“A friend of mine is Mickey Duwe from Ash Ra Tempel. He performed on at least one Ash Ra Tempel album with Timothy Leary. And he had his own band which probably means nothing to American ears – Mickey D’s Unicorn. This is like krautrock, early 70s. He and I were talking and I asked ‘so, do you sometimes still play that space guitar’ and he was like ‘I sure do!’ So I said ‘well, here’s a track.’ That was part of the problem with ‘Salvation’ because it had so many influences from so many different corners and angles. To get it all to come along smooth like it does now, it was just an uphill battle. Another guy was someone I met, just by chance, because I needed a piece of equipment that broke. I found someone who had it on ebay and I emailed the guy and said I was in the middle of production and I need this thing, can you expedite it? He said ‘oh, what band?’ and we became tight friends. It was a MIDI interface, a relatively old fashioned piece of equipment. That was Tom Stanzel. He and I collaborated on two tracks, “Make Your Stand” and “Respect,” where he does some vocals, too. Other collaborations were with William Willson from Legion Within, from Seattle. And my old buddy Pontor Vodox who had a P-funk band back in the early 80’s – I jammed with those guys before KMFDM even existed, and we’re still friends even though we don’t see enough of each other. His specialty is basically killing a guitar, very slow and painfully. So he did that, he just completely killed a guitar and recorded it, and we went and sped it up. I thought, I wonder what that sounds like four times as fast? And that became the funky guitar part at the end of ‘Get the Tongue Wet.'”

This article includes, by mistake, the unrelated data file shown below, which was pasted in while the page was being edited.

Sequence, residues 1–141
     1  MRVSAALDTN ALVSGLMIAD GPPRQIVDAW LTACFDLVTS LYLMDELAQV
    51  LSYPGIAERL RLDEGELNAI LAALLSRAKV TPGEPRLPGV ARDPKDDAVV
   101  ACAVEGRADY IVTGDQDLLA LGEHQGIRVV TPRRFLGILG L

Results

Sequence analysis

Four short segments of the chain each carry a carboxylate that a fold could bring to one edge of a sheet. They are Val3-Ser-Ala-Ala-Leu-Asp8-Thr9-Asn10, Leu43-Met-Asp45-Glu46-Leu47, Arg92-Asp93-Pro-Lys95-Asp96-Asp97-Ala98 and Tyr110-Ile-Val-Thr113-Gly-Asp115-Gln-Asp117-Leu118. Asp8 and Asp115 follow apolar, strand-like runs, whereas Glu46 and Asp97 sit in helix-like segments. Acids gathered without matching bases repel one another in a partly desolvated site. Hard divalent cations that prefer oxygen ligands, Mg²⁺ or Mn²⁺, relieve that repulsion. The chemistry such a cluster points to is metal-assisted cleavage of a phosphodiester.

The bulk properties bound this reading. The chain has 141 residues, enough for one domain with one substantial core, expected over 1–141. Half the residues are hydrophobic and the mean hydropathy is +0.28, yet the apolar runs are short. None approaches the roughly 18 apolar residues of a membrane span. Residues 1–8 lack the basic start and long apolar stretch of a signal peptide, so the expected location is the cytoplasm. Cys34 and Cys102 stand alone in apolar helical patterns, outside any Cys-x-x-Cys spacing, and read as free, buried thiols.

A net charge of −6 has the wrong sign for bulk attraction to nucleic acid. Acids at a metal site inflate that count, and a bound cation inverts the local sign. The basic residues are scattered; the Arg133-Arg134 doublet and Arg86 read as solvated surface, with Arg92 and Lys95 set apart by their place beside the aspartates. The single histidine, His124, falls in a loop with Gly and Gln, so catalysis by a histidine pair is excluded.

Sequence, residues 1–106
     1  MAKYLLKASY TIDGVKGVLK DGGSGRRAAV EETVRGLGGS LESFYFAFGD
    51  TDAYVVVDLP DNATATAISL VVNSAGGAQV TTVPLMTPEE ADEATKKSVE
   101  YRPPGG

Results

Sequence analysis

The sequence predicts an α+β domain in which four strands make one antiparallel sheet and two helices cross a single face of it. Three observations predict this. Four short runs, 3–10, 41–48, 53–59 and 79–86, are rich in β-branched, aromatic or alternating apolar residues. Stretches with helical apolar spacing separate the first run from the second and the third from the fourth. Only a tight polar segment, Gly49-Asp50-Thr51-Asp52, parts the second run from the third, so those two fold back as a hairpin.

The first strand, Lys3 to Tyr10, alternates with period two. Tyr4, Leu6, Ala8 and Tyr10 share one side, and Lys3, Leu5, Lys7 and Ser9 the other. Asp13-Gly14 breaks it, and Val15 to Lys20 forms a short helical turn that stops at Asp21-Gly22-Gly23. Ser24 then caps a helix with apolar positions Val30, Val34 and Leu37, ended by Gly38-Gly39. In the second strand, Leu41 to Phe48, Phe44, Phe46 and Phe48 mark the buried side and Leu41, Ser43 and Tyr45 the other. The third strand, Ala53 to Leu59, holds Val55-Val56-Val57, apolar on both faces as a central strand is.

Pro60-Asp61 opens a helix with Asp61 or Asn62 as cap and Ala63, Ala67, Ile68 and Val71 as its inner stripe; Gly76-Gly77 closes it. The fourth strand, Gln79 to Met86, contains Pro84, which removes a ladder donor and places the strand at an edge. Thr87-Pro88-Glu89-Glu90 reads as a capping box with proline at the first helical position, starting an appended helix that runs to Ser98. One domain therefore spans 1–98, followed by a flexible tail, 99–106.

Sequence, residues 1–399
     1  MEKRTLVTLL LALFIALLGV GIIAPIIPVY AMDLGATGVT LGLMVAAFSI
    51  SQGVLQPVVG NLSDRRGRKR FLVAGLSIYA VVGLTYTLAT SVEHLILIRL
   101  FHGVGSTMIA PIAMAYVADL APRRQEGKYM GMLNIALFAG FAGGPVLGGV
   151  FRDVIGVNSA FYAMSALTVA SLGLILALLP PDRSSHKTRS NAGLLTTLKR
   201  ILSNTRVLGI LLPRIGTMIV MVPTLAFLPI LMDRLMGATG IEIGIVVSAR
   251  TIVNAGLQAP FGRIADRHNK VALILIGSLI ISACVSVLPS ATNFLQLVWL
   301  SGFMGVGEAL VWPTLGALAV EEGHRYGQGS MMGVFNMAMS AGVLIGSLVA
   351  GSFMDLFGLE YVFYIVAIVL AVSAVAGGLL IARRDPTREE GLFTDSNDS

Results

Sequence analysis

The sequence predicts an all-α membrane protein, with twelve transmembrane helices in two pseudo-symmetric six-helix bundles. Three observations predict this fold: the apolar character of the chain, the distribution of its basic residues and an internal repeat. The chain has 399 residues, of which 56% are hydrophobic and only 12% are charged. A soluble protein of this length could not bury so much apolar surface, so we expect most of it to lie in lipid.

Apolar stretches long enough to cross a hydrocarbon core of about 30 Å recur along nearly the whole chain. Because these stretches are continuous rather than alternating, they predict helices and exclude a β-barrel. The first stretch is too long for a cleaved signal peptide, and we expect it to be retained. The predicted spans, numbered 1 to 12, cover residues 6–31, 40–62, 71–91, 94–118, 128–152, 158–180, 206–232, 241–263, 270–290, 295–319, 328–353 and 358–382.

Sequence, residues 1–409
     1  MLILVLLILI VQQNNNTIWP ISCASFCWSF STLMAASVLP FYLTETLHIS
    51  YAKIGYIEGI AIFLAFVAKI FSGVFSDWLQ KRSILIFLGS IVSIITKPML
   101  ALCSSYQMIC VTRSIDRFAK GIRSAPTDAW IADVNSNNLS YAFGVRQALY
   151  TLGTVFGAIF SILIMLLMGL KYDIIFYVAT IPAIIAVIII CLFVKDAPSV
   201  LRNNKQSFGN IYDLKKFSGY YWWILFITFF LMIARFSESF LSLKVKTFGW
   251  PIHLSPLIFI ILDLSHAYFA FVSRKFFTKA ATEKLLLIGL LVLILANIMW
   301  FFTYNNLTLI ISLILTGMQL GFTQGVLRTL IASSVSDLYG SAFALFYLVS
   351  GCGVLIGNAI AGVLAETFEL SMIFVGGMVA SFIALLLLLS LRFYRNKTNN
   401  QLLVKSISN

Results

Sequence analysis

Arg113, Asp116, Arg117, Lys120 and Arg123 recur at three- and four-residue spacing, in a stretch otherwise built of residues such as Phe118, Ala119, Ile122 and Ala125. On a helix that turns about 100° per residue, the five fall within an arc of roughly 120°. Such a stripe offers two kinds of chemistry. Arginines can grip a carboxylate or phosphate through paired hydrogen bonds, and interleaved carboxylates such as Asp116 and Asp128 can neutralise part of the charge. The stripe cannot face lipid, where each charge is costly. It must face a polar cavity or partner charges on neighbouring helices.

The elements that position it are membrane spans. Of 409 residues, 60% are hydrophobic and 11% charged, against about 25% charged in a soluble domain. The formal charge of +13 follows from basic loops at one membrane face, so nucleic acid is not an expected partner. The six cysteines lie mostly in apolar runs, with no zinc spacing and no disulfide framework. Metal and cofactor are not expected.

Going into the making of the album, did you have themes in mind that you wanted to encompass lyrically?
“The album had a number of approaches, graphically speaking, and hence a number of working titles. There was so much going on this past year that I was totally torn, I was like ‘what is this going to be?’ One of the working titles was ‘Blood Versus Money’ but ‘Our Time Will Come’ was the winner. Because it’s so ambivalent, it depends on who YOU are, and what you mean, you know?”
Did you have a strong idea of the overall sound that you wanted for the album? What determined which songs didn’t make it on?